Saul “Canelo” Alvarez didn’t need long to answer.
As the legendary Mexican boxer sat backstage at The Palladium in Times Square on Tuesday ahead of the first press conference for his heavily anticipated bout against American Jermell Charlo, Alvarez stressed that at this point of his career, his goal has become clear.
“It’s legacy,” Alvarez told The Post.
Alvarez (59-2-2, 39 KOs), who turned 33 last month, has been a champion at four weight classes, a unified champion in three of those classes and the undisputed champ in one.
He has beaten 18 world champions.
He has been one of boxing’s biggest and most lucrative attractions, with one of the largest followings.
He is one of the sport’s all-time pound-for-pound greats.
He chuckled while admitting there are hardly any more accolades he can add to his surefire Hall of Fame résumé, but he has no intention of taking easier fights or paydays now in the latter part of his career, which he plans to continue for four or five more years before retiring.
But how much more is there to add to his legacy?
The answer to that question is why he wanted to fight Charlo.
“It’s difficult to say, Alvarez said. “Every time we put on the fights and we see what’s coming [next], we start thinking about [what’s left to accomplish]. I made myself undisputed in 11 months. [Now], it’s the same idea. I just try to make the best fights, and everything comes together.”
Everything has certainly come together again for Alvarez, presenting him with an unprecedented opportunity to satiate that desire and further his legacy.
His Sept. 30 bout against Charlo (35-1-1, 19 KOs) at the T-Mobile Arena in Las Vegas (the bout will be on Showtime pay-per-view) will be for Alvarez’s undisputed super middleweight crown (168 pounds).
But Charlo, who turned 33 in May, is currently undisputed at junior middleweight (154 pounds), the division in which he primarily has fought throughout his career, and is moving up two weight classes for the bout.
Alvarez and Charlo are two of just nine male fighters to ever claim an undisputed title (Terence Crawford did it twice, in two divisions) in boxing’s four-belt era.
None have ever fought each other, at least not until Alvarez and Charlo meet in the ring.
The matchup with Alvarez will provide Charlo a greater chance to similarly add to his legacy than defending his junior middleweight titles would, which is why he is taking the risk at a new weight.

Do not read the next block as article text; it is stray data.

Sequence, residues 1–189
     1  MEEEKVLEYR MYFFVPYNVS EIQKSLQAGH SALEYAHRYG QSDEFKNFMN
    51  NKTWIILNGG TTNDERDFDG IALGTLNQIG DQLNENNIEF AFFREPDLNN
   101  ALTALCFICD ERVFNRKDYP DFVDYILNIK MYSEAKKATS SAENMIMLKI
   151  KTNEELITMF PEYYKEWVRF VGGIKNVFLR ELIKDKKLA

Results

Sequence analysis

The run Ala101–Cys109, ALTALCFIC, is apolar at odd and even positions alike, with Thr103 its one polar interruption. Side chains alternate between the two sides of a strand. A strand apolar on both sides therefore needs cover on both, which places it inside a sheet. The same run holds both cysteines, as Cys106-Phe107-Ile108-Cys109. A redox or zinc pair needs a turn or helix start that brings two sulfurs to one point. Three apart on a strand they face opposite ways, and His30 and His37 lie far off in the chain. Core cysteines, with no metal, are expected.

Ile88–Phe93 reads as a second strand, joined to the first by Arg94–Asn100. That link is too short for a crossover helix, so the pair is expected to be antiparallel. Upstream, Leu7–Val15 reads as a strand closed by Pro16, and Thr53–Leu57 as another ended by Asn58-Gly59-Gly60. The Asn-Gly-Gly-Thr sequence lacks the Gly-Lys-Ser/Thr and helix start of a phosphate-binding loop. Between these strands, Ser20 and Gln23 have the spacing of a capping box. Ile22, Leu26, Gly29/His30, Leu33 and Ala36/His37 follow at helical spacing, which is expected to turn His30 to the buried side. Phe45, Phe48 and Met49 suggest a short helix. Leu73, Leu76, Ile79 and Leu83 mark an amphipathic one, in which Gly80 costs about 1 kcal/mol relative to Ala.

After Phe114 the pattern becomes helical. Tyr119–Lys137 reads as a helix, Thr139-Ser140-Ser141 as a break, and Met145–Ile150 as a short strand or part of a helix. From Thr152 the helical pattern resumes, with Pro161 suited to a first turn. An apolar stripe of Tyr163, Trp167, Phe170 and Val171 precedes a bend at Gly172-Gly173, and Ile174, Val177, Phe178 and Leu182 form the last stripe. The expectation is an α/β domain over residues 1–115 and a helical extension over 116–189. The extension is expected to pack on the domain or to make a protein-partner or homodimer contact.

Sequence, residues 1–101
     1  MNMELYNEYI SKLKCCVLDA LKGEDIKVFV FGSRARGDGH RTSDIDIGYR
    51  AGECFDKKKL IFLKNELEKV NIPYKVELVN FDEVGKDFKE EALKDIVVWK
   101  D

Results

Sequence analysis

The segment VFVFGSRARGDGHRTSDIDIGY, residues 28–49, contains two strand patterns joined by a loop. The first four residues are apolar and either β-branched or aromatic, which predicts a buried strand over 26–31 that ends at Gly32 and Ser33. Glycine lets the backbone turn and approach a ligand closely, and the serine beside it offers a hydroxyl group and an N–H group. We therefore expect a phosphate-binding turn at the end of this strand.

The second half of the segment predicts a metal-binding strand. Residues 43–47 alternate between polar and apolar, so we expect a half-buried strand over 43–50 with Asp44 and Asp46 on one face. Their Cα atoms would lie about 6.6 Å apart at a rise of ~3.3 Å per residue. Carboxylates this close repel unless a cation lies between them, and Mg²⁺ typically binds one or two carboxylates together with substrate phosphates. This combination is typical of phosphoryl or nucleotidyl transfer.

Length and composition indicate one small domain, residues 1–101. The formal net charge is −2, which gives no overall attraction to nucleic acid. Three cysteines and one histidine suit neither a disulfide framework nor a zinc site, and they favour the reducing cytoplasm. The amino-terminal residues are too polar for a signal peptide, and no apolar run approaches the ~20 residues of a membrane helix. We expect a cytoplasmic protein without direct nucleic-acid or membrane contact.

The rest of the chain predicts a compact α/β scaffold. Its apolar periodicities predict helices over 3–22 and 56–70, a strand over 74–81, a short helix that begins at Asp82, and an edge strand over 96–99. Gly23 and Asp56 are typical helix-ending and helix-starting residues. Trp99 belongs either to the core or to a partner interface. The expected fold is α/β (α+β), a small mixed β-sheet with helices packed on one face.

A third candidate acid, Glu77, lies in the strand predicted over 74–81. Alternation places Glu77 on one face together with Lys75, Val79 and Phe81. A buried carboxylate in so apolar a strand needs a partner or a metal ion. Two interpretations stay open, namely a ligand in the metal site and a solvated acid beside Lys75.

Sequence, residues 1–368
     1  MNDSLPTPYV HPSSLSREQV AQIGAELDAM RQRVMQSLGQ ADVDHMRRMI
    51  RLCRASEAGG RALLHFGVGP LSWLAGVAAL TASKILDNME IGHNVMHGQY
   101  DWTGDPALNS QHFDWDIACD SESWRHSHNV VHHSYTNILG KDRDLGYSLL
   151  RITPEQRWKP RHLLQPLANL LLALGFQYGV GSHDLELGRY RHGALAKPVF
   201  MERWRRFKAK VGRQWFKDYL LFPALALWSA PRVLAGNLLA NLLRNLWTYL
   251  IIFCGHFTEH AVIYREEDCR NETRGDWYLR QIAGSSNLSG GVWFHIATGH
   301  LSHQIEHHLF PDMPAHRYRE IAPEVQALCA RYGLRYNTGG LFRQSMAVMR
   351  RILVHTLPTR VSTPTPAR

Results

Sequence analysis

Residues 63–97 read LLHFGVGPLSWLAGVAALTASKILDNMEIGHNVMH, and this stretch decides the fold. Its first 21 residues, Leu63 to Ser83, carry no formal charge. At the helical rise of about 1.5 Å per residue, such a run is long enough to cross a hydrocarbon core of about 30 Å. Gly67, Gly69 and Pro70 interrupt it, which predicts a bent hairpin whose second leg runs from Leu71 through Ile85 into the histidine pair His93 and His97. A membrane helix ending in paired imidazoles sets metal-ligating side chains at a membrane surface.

Charlo’s Hall of Fame bid is likely much more on the fringes than Alvarez’s.
A champion in just one division, he’s often been overlooked on pound-for-pound rankings and as a superstar despite his near-perfect résumé.
With a second undisputed title in a new weight class against a legend, Charlo could change that in a hurry.
“You just want to be great,” Charlo told The Post while sitting in his dressing room backstage before the press conference. “You’ve got to take chances and risks, this is just the chance and risk of wanting to be great. I strive for it and I work hard for it, and when the opportunity presents itself, you don’t run away from it. Nothing can put fear in my heart.”
Though it’s a can’t-miss opportunity for both boxers, Charlo said it was “spontaneous.”
Charlo has not fought since May 2022 due to a broken hand, and it was expected that he would next defend his undisputed junior middleweight crown against Tim Tszyu.
That bout was twice mandated and secured before Charlo had to pull out with the injury and a subsequent setback.
Alvarez, meanwhile, was expected to next fight Charlo’s undefeated identical twin brother, Jermall (32-0, 22 KOs), who is the WBC champion at middleweight — one weight class closer to super middleweight.
But Jermall wasn’t available to fight due to personal reasons, leading the Alvarez camp to pivot to Jermell, who accepted the challenge.
Both Charlos have long been mentioned by fans as opponents they wanted to see Alvarez fight, and vice versa.
Though Charlo and Alvarez were extremely respectful of one another throughout the presser, Charlo had heard enough.
An undisputed champion versus an undisputed champion.
A 33-year-old veteran in the waning part of his career versus a 33-year-old veteran in the waning part of his career.
A Hall of Famer versus one looking to solidify his case.
It’s about time they fight.
“My brother wasn’t capable of fighting, and I didn’t want to let down that Charlo name,” Charlo said. “And I’m tired of hearing people talk about the Canelo and Charlo thing. … I’m 33 years old, he’s 33 years old. How much f–king longer do I keep boxing? How much longer do we keep waiting around and just make this happen?
“It’s been going on for years, and now it’s time. [Alvarez’s camp] finally asked, and they received.”
𝗖𝗿𝗲𝗱𝗶𝘁𝘀, 𝗖𝗼𝗽𝘆𝗿𝗶𝗴𝗵𝘁 & 𝗖𝗼𝘂𝗿𝘁𝗲𝘀𝘆: nypost.com
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